It’s easy to do and means re­mov­ing one area of risk from an al­ready tough truck driv­ing life.

The key mes­sages are sim­ple: never as­sume, al­ways check, fol­low the rules.

It’s not worth the risk!

Just this morn­ing a bloke went across in front of me only 50 me­tres away … If he had stalled I would have cleaned him up.

Al­ways obey the signs and traf­fic sig­nals (be it a STOP sign or GIVE WAY sign or lights). Never drive through ac­ti­vated flash­ing lights or around low­ered boom gates – you may think there is enough time be­fore a train comes, but tak­ing that risk could prove to be fa­tal for you. Make sure you stop, look and lis­ten be­fore you cross. Al­ways act as if a train is com­ing and al­ways check for a sec­ond train af­ter the first one has passed – trains don’t al­ways run to sched­ule so you never know what’s around the cor­ner.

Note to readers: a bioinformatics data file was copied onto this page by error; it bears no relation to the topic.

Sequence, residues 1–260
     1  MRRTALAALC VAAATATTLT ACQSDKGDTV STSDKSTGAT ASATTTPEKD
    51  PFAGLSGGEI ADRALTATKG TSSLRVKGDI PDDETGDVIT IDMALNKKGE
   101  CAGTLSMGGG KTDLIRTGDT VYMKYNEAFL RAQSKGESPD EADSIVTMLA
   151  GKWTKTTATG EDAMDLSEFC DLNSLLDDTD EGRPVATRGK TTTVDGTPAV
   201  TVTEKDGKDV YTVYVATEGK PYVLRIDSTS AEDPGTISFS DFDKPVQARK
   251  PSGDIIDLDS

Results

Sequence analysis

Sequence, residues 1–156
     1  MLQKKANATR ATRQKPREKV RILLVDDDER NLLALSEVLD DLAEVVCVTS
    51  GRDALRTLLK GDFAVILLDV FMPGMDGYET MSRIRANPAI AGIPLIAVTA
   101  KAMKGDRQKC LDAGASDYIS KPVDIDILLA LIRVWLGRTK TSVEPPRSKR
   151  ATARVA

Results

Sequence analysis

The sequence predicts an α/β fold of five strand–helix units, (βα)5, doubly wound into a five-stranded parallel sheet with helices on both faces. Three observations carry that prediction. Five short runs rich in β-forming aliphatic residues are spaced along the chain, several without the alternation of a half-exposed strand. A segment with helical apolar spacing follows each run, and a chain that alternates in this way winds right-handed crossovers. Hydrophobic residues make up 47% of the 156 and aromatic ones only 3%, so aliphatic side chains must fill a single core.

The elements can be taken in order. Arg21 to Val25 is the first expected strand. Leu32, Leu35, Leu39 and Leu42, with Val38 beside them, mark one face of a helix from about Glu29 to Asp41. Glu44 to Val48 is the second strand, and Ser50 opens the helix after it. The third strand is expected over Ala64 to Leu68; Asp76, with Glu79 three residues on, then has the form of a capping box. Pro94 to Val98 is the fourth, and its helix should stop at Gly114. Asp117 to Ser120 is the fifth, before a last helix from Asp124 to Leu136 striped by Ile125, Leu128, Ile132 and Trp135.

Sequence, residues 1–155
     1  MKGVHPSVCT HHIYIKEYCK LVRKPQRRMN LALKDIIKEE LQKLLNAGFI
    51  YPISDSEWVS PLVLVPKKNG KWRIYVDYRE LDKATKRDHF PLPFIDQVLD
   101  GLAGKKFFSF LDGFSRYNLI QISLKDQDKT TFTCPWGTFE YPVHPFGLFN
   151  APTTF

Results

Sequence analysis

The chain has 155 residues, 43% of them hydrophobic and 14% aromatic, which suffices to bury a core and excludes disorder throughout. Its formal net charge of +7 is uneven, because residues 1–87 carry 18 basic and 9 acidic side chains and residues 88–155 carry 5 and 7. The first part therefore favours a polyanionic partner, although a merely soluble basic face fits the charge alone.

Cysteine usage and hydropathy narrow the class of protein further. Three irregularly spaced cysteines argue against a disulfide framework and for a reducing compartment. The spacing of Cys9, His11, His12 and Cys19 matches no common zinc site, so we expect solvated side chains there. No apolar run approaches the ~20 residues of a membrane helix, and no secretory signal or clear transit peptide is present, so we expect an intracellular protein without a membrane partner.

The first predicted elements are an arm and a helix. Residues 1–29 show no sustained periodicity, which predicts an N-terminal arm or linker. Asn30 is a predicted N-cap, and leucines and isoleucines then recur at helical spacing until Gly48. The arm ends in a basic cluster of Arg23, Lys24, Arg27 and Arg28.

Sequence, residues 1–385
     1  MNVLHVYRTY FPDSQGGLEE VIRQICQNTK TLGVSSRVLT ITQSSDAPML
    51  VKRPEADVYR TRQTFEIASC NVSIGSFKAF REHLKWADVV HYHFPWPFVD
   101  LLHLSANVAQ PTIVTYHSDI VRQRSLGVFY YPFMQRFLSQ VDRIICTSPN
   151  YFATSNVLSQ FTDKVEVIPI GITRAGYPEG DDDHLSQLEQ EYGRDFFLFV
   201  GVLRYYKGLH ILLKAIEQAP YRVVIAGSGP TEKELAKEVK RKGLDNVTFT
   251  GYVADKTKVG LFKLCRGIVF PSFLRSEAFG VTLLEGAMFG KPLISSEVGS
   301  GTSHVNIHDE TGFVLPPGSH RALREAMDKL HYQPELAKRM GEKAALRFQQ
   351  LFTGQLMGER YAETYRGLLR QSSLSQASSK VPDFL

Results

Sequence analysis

Never cross un­less you are cer­tain you can clear the track. Re­mem­ber that your rig takes longer to clear a level cross­ing than other smaller ve­hi­cles, so make sure you al­low ex­tra time to clear the tracks safely and know the length of your ve­hi­cle. Some trains can take up to 14 rugby fields to stop at a level cross­ing, so even if they see you, they can’t stop. Re­mem­ber: the train can­not stop for you but you can stop for the train.